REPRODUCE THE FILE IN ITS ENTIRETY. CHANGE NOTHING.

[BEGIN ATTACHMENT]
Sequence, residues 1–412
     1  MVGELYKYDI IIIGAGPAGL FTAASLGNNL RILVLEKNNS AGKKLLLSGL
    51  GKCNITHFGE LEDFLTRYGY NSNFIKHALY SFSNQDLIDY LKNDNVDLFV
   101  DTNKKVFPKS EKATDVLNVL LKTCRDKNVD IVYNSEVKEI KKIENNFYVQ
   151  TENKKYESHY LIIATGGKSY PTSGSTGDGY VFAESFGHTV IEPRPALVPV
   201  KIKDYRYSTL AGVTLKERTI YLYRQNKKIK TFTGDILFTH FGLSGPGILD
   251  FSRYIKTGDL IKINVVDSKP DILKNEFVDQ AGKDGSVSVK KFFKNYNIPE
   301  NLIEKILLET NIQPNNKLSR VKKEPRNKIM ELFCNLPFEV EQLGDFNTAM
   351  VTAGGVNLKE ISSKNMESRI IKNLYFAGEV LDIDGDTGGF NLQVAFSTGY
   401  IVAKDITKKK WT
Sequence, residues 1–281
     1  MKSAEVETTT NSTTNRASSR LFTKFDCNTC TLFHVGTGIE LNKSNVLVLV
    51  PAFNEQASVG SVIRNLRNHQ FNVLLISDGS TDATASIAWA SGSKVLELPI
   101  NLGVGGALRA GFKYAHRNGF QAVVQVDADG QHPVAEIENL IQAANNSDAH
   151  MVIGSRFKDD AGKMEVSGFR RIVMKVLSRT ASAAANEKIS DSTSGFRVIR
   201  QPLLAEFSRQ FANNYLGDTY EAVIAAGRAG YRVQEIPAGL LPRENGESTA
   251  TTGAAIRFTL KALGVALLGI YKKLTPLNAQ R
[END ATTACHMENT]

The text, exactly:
Sequence, residues 1–412
     1  MVGELYKYDI IIIGAGPAGL FTAASLGNNL RILVLEKNNS AGKKLLLSGL
    51  GKCNITHFGE LEDFLTRYGY NSNFIKHALY SFSNQDLIDY LKNDNVDLFV
   101  DTNKKVFPKS EKATDVLNVL LKTCRDKNVD IVYNSEVKEI KKIENNFYVQ
   151  TENKKYESHY LIIATGGKSY PTSGSTGDGY VFAESFGHTV IEPRPALVPV
   201  KIKDYRYSTL AGVTLKERTI YLYRQNKKIK TFTGDILFTH FGLSGPGILD
   251  FSRYIKTGDL IKINVVDSKP DILKNEFVDQ AGKDGSVSVK KFFKNYNIPE
   301  NLIEKILLET NIQPNNKLSR VKKEPRNKIM ELFCNLPFEV EQLGDFNTAM
   351  VTAGGVNLKE ISSKNMESRI IKNLYFAGEV LDIDGDTGGF NLQVAFSTGY
   401  IVAKDITKKK WT
Sequence, residues 1–281
     1  MKSAEVETTT NSTTNRASSR LFTKFDCNTC TLFHVGTGIE LNKSNVLVLV
    51  PAFNEQASVG SVIRNLRNHQ FNVLLISDGS TDATASIAWA SGSKVLELPI
   101  NLGVGGALRA GFKYAHRNGF QAVVQVDADG QHPVAEIENL IQAANNSDAH
   151  MVIGSRFKDD AGKMEVSGFR RIVMKVLSRT ASAAANEKIS DSTSGFRVIR
   201  QPLLAEFSRQ FANNYLGDTY EAVIAAGRAG YRVQEIPAGL LPRENGESTA
   251  TTGAAIRFTL KALGVALLGI YKKLTPLNAQ R